"At ground level, a typed notice warns people not to enter the orchard since the discovery of a destructive canker, found in New Zealand for the first time last Monday. What the notice does not say is that pseudomonas syringae pv actinidae, usually known as PSA, has the country’s kiwi industry, worth 1.5 billion New Zealand dollars, or $1.2 billion, in a crisis mode."

Monsters & Critics reported about "the potential impact of a vine disease never seen before in the country."

Speaking of bacterial canker "never before seen", the same thing is happening in Oregon in the US, but this time with wheat:
Investigators baffled as wheat fields wither
The wheat mystery of Umatilla and Morrow counties
"The Oregon Department of Agriculture and Oregon State University are investigating the yellowing of upward of 40,000 acres of wheat in Umatilla and Morrow counties. So far, the cause is a mystery, and researchers do not know if the problems in the two counties are related. In early November, Umatilla County growers noticed wheat fields turning yellow and dying, OSU Extension soil scientist Don Wysocki said. Sixteen fields from three to 10 miles northwest of Pendleton were affected, Wysocki said. OSU Morrow County Extension associate professor Larry Lutcher said 30,000 to 40,000 acres of wheat in his county have plants with yellow or purple tips. The discoloration spreads inward and downward on the leaf. In some cases, plants are completely desiccated and will not recover."

And...speaking again of an incurable bacteria killing the crops and the plants and trees on which they grow, it is happening in Florida, as reported January 20, 2011:

Incurable bacteria poses threat to citrus trees
"While Florida farmers have lost some of their crop to cold weather for the second year in a row, they say a fast-spreading, incurable bacteria presents a greater threat to their trees and the citrus industry. Citrus greening has destroyed groves in the U.S., Brazil, Asia and Africa. Detected in Florida in 2005, it leaves fruit sour, malformed and unusable. Eventually, it kills the tree. The disease has been particularly devastating because it takes years for citrus trees to reach peak production, and the disease targets young trees, making it difficult for growers to replace those that have been lost. "It's probably one of the biggest negative impacts in Florida today, short of the housing collapse," said Louis Schacht, a Vero Beach farmer whose family has grown oranges for 60 years."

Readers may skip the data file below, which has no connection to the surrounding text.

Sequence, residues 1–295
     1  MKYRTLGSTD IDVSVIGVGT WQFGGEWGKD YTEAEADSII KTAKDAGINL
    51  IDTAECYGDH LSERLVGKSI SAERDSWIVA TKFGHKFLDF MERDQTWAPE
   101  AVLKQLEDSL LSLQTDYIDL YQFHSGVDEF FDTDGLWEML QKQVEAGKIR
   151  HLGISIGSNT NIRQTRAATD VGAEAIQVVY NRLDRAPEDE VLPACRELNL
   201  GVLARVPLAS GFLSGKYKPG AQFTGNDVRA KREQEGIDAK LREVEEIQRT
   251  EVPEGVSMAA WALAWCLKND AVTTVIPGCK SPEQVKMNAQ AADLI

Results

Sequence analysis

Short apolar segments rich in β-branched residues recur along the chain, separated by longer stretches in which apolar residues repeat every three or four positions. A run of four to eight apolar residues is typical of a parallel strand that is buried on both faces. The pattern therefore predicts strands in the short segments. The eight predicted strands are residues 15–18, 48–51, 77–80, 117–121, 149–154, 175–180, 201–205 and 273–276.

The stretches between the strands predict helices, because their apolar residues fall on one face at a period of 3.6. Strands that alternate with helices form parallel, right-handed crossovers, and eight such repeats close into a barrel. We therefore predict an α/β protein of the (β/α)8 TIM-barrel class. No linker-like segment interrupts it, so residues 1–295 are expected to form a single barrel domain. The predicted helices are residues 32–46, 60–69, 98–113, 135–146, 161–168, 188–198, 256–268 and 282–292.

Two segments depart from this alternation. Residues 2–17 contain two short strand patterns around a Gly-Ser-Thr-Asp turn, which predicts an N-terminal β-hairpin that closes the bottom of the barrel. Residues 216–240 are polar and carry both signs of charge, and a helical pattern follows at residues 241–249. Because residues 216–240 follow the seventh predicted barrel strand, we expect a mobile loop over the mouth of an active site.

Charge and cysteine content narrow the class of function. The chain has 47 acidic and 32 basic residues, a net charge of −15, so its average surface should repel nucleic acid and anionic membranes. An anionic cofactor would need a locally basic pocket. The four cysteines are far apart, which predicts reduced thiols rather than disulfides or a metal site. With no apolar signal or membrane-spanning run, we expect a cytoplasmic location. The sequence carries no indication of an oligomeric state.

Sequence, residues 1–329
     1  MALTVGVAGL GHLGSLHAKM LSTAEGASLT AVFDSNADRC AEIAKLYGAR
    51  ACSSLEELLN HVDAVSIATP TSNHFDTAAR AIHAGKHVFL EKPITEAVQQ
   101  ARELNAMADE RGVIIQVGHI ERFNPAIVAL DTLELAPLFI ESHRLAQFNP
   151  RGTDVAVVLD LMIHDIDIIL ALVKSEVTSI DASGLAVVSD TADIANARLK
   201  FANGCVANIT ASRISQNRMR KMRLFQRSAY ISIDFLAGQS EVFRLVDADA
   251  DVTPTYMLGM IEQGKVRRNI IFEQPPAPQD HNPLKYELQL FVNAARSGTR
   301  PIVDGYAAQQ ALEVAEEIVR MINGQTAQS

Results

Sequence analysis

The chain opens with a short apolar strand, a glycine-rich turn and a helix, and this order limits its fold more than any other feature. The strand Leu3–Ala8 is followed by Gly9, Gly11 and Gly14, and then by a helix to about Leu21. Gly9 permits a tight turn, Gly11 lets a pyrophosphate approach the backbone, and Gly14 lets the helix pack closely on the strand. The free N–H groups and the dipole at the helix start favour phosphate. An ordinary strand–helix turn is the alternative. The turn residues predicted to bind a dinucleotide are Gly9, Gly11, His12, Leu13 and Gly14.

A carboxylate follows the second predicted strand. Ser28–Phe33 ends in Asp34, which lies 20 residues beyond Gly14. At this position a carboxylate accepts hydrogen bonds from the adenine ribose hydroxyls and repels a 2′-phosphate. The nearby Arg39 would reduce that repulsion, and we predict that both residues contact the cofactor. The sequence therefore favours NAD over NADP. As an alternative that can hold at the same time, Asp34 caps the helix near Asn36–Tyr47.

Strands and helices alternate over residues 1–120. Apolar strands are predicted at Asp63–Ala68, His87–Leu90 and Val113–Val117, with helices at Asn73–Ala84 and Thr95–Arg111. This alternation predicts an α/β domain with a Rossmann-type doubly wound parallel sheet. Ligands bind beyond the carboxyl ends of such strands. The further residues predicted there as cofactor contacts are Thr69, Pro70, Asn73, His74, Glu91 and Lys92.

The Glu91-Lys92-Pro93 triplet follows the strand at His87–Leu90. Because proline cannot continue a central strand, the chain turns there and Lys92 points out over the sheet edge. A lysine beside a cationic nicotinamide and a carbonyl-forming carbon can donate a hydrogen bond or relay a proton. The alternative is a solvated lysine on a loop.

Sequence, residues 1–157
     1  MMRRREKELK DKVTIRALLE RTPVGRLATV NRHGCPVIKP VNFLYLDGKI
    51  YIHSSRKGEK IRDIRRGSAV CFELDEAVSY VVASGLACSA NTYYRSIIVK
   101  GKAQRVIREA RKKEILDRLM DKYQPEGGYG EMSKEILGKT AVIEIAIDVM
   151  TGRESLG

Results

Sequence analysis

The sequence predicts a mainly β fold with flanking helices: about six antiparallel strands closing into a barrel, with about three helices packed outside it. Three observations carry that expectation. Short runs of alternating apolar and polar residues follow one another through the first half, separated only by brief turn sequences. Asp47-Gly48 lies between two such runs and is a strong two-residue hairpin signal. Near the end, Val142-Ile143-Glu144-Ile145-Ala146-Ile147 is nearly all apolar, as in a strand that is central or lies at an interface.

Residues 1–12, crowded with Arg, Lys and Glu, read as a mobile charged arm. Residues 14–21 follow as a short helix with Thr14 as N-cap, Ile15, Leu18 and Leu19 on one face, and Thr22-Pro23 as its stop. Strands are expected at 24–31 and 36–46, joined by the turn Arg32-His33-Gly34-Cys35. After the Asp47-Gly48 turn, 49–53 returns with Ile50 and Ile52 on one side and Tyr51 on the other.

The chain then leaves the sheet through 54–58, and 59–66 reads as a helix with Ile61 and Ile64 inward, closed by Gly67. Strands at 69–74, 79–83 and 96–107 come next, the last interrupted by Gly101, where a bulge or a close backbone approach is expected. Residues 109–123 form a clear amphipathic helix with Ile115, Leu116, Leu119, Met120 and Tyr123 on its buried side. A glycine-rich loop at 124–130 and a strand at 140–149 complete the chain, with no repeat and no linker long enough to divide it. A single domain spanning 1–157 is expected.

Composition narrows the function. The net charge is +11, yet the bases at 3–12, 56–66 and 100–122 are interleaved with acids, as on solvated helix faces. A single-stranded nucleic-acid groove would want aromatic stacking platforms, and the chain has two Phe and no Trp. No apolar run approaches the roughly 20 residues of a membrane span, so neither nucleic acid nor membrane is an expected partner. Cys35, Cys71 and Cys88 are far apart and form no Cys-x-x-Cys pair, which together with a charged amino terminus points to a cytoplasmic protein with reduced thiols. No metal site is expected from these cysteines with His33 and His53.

I emphasize that weather and pests are part of the normal hazards for farmers. However, the range, scope, and pure mystery of these events coming at so close a time to each other is what bears looking into. And I was struck by the similar language in these two agricultural press releases this week:

CBP Stops Agricultural Pest at Nogales Port 
A U.S. Customs and Border Protection agriculture specialist discovered a potentially dangerous insect on fresh citrus leaves being brought into the U.S. from Mexico on Jan. 4, according to a CBP spokesman.
Brian Levin said the insect discovery was the first of its kind at the Mariposa Port of Entry near Nogales.

Destructive beetle unheard of in U.S. nabbed at San Diego Port
A beetle spotted by a sharp-eyed agriculture specialist at the Port of San Diego early this month turned out to be a highly destructive pest never before seen in the United States, federal officials reported Friday. On Jan. 3, the inspector discovered the tan-and-black insect lurking in a load of bananas in a maritime shipping container from Peru...

Do you get the idea that this is a losing battle? It is. Agriculture will wither all across the globe before too much longer. Accept Jesus as your Lord and ask him to forgive your sins and then He will do your battles for you!